Russia Leverages South Ossetia – Again

South Ossetians will vote in a referendum in July to grant their President the right to request admission to the Russian Federation as its new constituent entity. Some Russian analysts are at pains to present this as Tskhinvali’s home-grown initiative, but the tell-tale signs of Moscow’s close engagement are there. Is Russia planning to annex South Ossetia? And if yes, what for?

Tornike Zurabashvili is former editor of and a fellow at the Eurasia Democratic Security Network (EDSN).

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Asked whether he would consider incorporating Georgia’s breakaway republic into the Russian Federation on April 14, Vladimir Putin responded that Moscow was not “yet looking at such an option” and that “he had not discussed” the issue of the referendum in detail with his South Ossetian counterpart. But Putin went on to remark – in a characteristically cryptic manner that confused the analysts – that Moscow would act in the “the interests of South Ossetian people” and “would not oppose” such a referendum.

The breakaway republic’s leader Leonid Tibilov took the cue and sprang into action. On April 20, the draft wording of the referendum question was made public and on April 23, approximate timing of the referendum was also announced.

Putin’s going along with the referendum is a notable shift in Moscow’s official post-2008 policy line. Since Russia recognised independence of South Ossetia and Abkhazia in 2008, Moscow painted itself as the patron-saint of their newly-gained statehood. Russia’s Foreign Ministry went to great lengths to achieve their recognition by its client states – and has largely failed.  Georgia, on its side, has argued that both regions were effectively occupied.

True, the Kremlin has also used the past eight years to tighten its grip over the areas. Russian FSB troops are now in charge of their borders with the rest of Georgia. Moscow closely controls local politics and makes most senior appointments. Under the newly signed treaties, Abkhazia and South Ossetia operate more like Russia’s own autonomous republics, rather than like independent political entities. All this has been done without formal annexation and without triggering any adverse international response. Why change the seemingly comfortable course eight years later?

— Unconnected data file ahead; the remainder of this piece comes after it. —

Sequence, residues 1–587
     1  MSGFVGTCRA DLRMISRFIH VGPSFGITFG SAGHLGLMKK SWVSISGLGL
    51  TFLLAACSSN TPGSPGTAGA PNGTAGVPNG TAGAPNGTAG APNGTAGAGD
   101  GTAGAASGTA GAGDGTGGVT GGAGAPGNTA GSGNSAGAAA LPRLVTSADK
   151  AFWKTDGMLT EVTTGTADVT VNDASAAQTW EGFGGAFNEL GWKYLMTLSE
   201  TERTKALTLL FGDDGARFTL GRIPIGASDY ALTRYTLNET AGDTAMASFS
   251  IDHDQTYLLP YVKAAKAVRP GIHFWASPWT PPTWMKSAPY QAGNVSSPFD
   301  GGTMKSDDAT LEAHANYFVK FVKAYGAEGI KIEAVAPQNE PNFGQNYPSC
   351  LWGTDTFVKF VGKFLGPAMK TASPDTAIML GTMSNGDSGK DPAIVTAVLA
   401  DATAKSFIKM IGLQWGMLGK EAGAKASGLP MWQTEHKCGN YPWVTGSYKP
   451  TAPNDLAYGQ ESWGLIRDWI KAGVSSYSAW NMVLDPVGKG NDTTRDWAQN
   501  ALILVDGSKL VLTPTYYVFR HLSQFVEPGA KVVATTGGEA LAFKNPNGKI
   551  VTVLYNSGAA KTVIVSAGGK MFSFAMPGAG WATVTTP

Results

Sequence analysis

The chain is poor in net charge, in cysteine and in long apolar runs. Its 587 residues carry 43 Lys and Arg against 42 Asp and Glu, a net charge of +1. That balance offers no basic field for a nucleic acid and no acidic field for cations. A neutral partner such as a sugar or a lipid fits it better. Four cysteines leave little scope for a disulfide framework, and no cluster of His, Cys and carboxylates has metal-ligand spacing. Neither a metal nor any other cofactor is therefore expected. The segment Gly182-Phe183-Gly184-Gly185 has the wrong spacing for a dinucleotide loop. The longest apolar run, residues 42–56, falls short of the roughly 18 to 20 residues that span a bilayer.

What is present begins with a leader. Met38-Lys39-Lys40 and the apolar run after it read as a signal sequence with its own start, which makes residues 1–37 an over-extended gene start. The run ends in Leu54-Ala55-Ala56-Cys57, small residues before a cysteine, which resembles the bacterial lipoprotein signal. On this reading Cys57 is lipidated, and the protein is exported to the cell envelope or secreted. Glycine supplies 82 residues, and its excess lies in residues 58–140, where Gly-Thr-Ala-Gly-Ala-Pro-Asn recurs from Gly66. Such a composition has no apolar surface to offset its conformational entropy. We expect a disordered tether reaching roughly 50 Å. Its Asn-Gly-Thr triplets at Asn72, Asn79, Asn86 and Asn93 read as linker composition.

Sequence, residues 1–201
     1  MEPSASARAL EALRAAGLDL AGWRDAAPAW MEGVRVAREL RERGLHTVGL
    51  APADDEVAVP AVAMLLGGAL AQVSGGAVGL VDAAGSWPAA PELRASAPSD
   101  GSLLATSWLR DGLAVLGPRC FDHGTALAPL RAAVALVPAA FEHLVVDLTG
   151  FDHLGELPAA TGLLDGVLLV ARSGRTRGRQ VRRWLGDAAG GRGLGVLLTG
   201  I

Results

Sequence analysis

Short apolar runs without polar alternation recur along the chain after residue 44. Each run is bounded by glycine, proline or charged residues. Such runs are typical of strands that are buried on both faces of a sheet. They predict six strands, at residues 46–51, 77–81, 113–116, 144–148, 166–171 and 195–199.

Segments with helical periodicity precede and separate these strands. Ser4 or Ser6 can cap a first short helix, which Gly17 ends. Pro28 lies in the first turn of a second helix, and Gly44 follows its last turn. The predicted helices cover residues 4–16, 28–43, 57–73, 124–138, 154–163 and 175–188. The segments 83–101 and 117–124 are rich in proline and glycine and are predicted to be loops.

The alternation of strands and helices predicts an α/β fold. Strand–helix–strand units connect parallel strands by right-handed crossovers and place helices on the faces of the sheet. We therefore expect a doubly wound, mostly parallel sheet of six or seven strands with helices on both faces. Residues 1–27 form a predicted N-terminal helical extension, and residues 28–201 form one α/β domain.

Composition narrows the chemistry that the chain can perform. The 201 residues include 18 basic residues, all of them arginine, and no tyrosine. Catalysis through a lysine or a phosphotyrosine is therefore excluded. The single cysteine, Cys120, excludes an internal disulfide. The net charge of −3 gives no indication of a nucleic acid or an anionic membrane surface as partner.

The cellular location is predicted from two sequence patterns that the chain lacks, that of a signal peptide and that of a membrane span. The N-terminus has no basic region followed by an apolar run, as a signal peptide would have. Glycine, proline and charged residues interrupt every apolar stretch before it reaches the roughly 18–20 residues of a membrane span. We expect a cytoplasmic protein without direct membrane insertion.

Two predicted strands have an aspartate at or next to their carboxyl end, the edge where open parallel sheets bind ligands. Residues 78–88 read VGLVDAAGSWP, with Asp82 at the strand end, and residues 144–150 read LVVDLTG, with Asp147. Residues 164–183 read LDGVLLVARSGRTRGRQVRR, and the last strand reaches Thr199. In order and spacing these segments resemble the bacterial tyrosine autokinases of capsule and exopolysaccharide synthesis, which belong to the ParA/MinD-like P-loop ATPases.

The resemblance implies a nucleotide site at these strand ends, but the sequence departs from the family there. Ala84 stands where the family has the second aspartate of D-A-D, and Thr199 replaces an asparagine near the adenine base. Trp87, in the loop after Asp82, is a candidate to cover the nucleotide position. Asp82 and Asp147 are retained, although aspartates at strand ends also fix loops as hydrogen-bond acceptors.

Moscow’s fingerprints

Moscow’s position has been hesitant, but its endorsement of the referendum seems decisive. South Ossetia’s leader, Leonid Tibilov was initially opposed to the idea: he has even decried the referendum as a PR-trick by his opponents. But on the margins of the October 19, 2015 meeting with Vladislav Surkov – Moscow’s chief curator over Abkhazia and South Ossetia and the mastermind of Crimea’s annexation – Tibilov seems to have brought up the plan. As Tibilov’s press service reported the South Ossetian leader “shared his decision to conduct a referendum on the admission of South Ossetia to the Russian Federation”. Surkov’s response to the initiative was not covered. Moscow has remained publicly mute on the referendum since.

Tibilov though, continued to precise further details during October 2015, laying out his rationale for the referendum.  On March 31, 2016, he met Vladimir Putin. The two did not bring up the referendum in their public statements. But Tibilov confirmed four days later that the matter was discussed and that the referendum would take place “not in a year, two years or six months, but earlier.” In this light, Putin’s April 14 statement sounds more like a public go-ahead to the referendum plan.

South Ossetia enthusiastic

Arguing for Moscow’s involvement in nudging the referendum decision is not meant to deny genuine, local sentiments in favour of joining Russia. In fact, South Ossetia’s political leaders have almost unanimously embraced the prospect of integration.

South Ossetians see the full incorporation into the Russian Federation as a long-term guarantee of their security, as they fear that over time they might become a bargaining chip for Moscow to win Georgia over.

Above all however, South Ossetian enthusiasm to join the Russian Federation stems from their desire for “reunification” with their ethnic kin in North Ossetia, one of Russia’s most urbanised republics in North Caucasus. With a population of roughly 700 000, North Ossetia is 14 times larger than South Ossetia. Although the two territories have never existed as a unified administrative entity, virtually every South Ossetian politician today favours the unification of two Ossetias within the Russian Federation.